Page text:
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Energieeinsparverordnung EnEV (German regulation on energy conservation)

5. System boundaries The performance of a district-heating system is evaluated by considering the balance of primary energy consumption of heat generation and heat distribution of the district heating system. When comparing different heating options, it is indispensable to clearly establish the boundaries delimiting what is being considered and to apply these symmetrically and coherently to all systems under consideration. The current guidelines correspond to an end-energy formulation and ignore the effect of the internal distribution system. They serve to evaluate/certify the performance of individual district-heating systems and to allow comparison with other systems - but they are not intended to assess the performance of the heating system in each individual building. Distribution losses in the individual building are basically independent of the heating system in question. The system borders are thus drawn after the house substation. Analogously, in the case of solar heating, the system borders should be drawn at the connection after the expansion tank, for heating boilers after the boiler's own circulation, etc. It is, however, necessary to describe the distribution system as a restricting criterion for each heating system because the specifically determined values are only valid under certain conditions. For example, the primary energy requirement of Heating System X only applies in the case that the in-house heating system corresponds to a low temperature system, or Heating System Y is only to be considered in connection with passive houses. In the case of cooling, the same system boundaries as for heat and electricity apply. System boundaries are further explained in chapter 6.

6. Energy Efficiency 6.1. Primary energy and primary resource factor (PRF) Primary energy refers to energy that has not been subjected to any conversion or transformation process (e.g. oil in the oil fields). Primary energy may be resource energy or renewable energy or a combination of both. Resource refers to a source depleted by extraction (e.g. fossil fuels) and renewable energy to a source that is not depleted by extraction (e.g. biomass, solar). The use of the primary resource factor (PRF) enables to measure the savings and losses occurring from energy generation to the delivery to the building. The primary resource factor fP expresses the ratio of the non-regenerative resource energy QP required for the building to the final energy supplied to the building QE.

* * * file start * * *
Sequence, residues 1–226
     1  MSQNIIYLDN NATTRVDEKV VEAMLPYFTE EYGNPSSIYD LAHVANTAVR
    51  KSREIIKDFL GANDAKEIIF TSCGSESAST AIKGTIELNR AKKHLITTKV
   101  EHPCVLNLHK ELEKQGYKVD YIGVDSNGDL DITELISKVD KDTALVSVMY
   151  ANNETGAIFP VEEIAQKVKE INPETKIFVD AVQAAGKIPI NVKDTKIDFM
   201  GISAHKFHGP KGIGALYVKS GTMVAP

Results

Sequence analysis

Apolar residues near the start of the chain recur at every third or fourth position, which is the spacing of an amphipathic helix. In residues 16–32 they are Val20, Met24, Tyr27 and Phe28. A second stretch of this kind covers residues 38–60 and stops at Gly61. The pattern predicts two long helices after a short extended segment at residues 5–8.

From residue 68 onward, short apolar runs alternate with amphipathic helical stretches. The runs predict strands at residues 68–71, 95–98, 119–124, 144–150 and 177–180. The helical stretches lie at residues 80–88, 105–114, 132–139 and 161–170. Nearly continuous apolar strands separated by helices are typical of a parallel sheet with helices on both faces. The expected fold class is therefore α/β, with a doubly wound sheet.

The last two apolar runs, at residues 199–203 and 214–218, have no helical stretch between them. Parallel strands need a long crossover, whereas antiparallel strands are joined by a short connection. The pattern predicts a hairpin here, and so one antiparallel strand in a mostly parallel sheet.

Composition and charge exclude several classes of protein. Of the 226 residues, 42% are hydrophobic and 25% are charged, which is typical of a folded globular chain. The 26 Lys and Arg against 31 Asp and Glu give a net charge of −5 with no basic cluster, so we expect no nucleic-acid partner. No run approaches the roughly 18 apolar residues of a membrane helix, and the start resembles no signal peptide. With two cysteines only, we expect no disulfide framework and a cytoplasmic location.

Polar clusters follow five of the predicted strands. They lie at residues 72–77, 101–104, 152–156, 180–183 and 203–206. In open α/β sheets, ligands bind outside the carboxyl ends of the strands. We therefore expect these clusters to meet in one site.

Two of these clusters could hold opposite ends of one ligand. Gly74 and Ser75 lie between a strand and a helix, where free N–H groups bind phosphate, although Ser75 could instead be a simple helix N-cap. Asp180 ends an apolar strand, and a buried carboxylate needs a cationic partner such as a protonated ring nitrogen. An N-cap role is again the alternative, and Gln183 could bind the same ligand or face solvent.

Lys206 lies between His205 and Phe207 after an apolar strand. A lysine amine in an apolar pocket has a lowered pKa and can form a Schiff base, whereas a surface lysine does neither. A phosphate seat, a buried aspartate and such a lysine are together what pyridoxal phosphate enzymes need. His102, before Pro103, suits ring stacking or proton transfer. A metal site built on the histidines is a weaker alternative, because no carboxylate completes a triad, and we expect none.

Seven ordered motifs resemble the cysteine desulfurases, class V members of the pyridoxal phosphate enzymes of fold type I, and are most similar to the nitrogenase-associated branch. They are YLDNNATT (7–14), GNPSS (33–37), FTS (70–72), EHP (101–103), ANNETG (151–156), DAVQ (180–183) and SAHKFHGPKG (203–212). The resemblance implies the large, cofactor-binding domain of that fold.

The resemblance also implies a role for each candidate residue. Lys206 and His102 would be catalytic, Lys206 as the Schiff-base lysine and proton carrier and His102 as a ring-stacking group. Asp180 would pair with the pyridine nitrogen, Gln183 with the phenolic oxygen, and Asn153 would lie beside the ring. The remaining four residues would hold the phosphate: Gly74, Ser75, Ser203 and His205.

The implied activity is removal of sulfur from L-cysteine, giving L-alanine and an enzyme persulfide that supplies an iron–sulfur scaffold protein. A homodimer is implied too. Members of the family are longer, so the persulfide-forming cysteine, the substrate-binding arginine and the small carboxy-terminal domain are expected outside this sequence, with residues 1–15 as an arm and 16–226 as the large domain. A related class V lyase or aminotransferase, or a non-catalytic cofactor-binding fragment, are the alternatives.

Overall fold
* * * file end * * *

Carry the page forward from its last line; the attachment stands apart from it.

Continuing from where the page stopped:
fP =

QP QE

The primary resource factor represents the energy delivery but excludes the renewable energy component of primary energy. The proposed CEN-standard (CEN Draft Standard TC 228 WI 00228 027, as described below) suggests an approach where a primary resource factor is introduced. This primary resource factor is equivalent to the suggested EHP definition of primary energy factor fP. The advantages of district heating and cooling become visible in the frame of such a broad analysis based on the use of fuel input. In effect the PRF shed light on the benefits of using fuel and energy (in the form of waste heat) that would be emitted into the atmosphere unused if it were not possible to use the heat in district heating and cooling systems. Such fuels and energy streams include, for example: biomass, biogas, blast furnace gas, landfill gas, residual waste, sewage sludge, solar and geothermal heat, and surplus heat from industrial processes.

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6.2. Determination of the different PRF for different fuels In order to calculate the PRF of a district-heating scheme, different fixed values are needed for different fuels.

Figure 3: Table for PRF values of different fuels

Fuel

Primary Resource Factor 1.30 1.20 1.10 1.10 e.g. from 0.05

Lignite Coal Hard Coal Oil Natural Gas Excess heat industrial proc.

Renewables (e.g. Wood) Waste as Fuel, Landfill Gas Free Cooling Electrical Power, European Average

0.10 0.00 0.00 2.5

6.2.1. Value for electricity The value for electricity is fixed at 2.5 in order to be consistent with European legislation. The draft Directive on energy services refers to this value in its annex 1. The value 2.5 reflects an efficiency of 40%, which is the average efficiency of electricity production according to Eurostat. This value should be used for the purpose of a European-wide labelling that fits with the internal energy market where additional change of demand is typically met by the most expensive production. What matters for an additional electricity demand is the cost of marginal production, determined by fossil fuels and efficiency in the range of 40%. It means practically that in Europe, an extra demand is systematically met by fossil as illustrated in the picture below.

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Figure 4: electricity production in the EU 25


Variable cost of production [/MWh] Electricity production in EU 25

Demand 3050 TWh

Condensing (Coal, Gas, Oil)


Hydro + Wind
0 500

Nuclear
1000 1500

CHP
2000 2500 3000 3500 4000

Production [TWh]